The other night I had dinner with of my good friends, who also happen to be “real-men.” By this I mean that besides being tall and physically fit, they happen to drive around in pickup trucks, drink good beer, wear baseball hats, and love sports. Most of them own chainsaws and guns, or at least know how to use them, and they generally don’t dance.

Stereotypes aside, they are all intelligent, articulate, and well educated, but have simply chosen to make a living working with their hands, which they do well, while leaving most of the child-rearing to their wives.

As you might have guessed, being a stay-at-home dad doesn’talways afford me a lot of opportunities to bond with them. In fact, not only do I spend more of my time around mothers, but I’d never even owned a power tool until last year.

Having children, however, has an amazing way of opening doors that may not have existed when you were single, and at the very least, gives people a commonality from which to bond. Such is the case with my “real-men” friends, all of whom have children around the same ages as ours.

This makes getting together not only easier, but almost necessary. After all, every parent, for both altruistic and selfish reasons, welcomes the chance for their children to play with their friends. When mom and dad get to socialize as well, perhaps indulging in a little wine and cheese, everyone comes out a winner, right?

Well, sort of.

Now I readily admit that I created this situation, and I’ve got nobody else to blame but myself, but for whatever reason I decided to make a zucchini quiche for the occasion. Not the best choice, I know, but at the time we were inundated with summer squash from our garden, and the quiche is a great recipe. Besides, I’m the cook in our household, and being the slave that I am for approbation, I was shamelessly hoping to get a nod or two of approval, at least from the moms.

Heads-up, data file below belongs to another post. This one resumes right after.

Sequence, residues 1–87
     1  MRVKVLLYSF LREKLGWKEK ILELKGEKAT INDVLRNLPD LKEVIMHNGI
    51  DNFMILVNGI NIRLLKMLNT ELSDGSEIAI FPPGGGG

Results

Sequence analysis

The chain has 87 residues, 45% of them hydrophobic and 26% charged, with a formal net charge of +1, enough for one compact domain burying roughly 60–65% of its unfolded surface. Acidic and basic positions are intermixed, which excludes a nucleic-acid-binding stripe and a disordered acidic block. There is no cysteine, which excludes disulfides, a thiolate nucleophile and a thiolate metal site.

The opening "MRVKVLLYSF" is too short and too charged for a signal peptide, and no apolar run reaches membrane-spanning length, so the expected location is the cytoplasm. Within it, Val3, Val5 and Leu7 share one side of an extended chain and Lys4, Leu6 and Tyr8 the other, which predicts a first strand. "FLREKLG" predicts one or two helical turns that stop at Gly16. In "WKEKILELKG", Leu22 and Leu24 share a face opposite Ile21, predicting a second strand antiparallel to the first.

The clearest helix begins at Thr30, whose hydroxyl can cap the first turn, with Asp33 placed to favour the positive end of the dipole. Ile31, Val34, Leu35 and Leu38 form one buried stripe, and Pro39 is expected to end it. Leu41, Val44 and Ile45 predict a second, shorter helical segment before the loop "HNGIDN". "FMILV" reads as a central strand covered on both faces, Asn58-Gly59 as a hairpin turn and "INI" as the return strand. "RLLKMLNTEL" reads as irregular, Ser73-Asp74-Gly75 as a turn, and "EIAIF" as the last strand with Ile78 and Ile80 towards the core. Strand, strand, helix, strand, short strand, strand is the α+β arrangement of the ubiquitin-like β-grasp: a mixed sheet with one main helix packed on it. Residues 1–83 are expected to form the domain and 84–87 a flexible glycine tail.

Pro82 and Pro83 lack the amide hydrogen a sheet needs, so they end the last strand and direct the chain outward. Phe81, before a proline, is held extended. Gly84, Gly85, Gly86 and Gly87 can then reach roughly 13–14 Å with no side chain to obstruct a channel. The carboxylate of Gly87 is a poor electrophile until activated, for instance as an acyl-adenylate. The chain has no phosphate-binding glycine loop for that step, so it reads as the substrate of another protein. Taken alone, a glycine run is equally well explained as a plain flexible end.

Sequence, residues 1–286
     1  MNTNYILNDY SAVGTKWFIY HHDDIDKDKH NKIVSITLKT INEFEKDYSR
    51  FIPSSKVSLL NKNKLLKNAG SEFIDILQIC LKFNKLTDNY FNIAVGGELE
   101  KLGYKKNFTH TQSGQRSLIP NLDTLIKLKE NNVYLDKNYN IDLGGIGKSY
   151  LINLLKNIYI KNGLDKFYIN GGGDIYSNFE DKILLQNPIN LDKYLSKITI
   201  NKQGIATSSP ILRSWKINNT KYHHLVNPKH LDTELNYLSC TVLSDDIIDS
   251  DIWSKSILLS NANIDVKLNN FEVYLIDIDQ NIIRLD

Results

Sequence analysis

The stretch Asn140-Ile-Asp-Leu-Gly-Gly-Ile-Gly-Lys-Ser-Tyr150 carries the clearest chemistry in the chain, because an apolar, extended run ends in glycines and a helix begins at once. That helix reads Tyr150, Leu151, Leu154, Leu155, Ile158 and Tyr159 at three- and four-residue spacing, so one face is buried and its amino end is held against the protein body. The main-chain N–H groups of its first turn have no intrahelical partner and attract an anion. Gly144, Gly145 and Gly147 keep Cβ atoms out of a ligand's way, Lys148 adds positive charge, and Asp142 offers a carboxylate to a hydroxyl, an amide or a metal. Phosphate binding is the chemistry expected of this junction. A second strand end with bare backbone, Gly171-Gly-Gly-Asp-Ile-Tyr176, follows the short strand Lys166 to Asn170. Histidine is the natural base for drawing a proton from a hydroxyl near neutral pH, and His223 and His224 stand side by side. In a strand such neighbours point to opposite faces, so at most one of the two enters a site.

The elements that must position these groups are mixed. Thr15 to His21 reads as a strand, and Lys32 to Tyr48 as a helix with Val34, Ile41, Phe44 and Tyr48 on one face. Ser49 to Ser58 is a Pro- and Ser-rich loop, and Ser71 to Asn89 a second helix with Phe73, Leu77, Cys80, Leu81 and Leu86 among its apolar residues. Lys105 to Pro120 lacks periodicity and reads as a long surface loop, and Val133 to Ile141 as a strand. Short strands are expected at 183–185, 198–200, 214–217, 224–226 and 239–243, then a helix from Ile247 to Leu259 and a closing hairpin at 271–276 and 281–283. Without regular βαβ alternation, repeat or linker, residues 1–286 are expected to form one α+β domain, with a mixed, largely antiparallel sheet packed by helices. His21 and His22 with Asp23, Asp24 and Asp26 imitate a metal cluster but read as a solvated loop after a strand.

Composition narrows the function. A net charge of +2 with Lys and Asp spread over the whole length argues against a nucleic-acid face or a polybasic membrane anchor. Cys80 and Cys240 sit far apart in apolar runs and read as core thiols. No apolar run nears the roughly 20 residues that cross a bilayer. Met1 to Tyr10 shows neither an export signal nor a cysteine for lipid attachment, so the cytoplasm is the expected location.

I should be more careful of what I hope for.

The evening progressed in the usual manner. Like most social gatherings I go to, a curious but predictable dynamic seems to ensue. While we are all good friends, it seems inevitable for the guys to gather together on one side of the table and the women on the other, each in their own respective camps.

And of course, I just happened to be sitting right smack in the middle, moms to my left, “real men” to my right, symbolically caught between two worlds.

Now I’d just like to point out that that while I’m a city boy at heart, I’ve turned over a new leaf since we moved to Vermont. This entails forsaking my urban ways (i.e., paying people to do everything) and adopting a self-sufficient approach to our lives. While I’m not yet ready to replace a kitchen or redo a bathroom (not yet!), basic home improvement like painting walls and fixing leaks are well within my grasp. I can also pull off simple woodworking projects like building a shelf or a wood box, and this past summer I even split five cords of firewood. By hand!

So, as you can plainly see, I was well on my way to being a “real man,” if I wasn’t already there.

And then, of course, my quiche came back to haunt me.

In retrospect, I should have seen it coming. The moms, after all, were only trying to be considerate and include me in their conversation, but when they asked me about the crust of my quiche, everything began to crumble - no pun intended. Did I make it myself? Did I use whole wheat flour? (Just for the record, the answer is yes to both).

I sat there in silence, hoping the questions would just go away. I should have been talking about “real man” topics like football or power tools, but instead, here I was, being asked about quiche. I stole a quick glance at the guys, who were staring at me as if I were from another planet while the women waited patiently for an answer.

My mind raced for a way to quell the situation, wondering why, of all things, I’d chosen that dish. I took an extra large swig of my beer and wanted to remind them that I’d split five cords of wood last summer.

By hand!

But that didn’t matter, and in the end, I simply answered their questions. What else could I do? After humoring their obligatory requests for the recipe (I’ll email it to you) I turned back to face the guys.

By that point, however, they had already moved on and resumed their conversation about the Red Sox. Or was it asphalt shingles? I can’t recall.

I took a bite of the quiche and quietly chewed it, savoring the rich, buttery crust, which in case you didn’t know, I’d made myself with whole wheat flour. And as I eased back into the conversation, putting in my two cents worth, it occurred to me that life isn’t easy when you’re a “real man.”

At least, that’s what I’ve been told.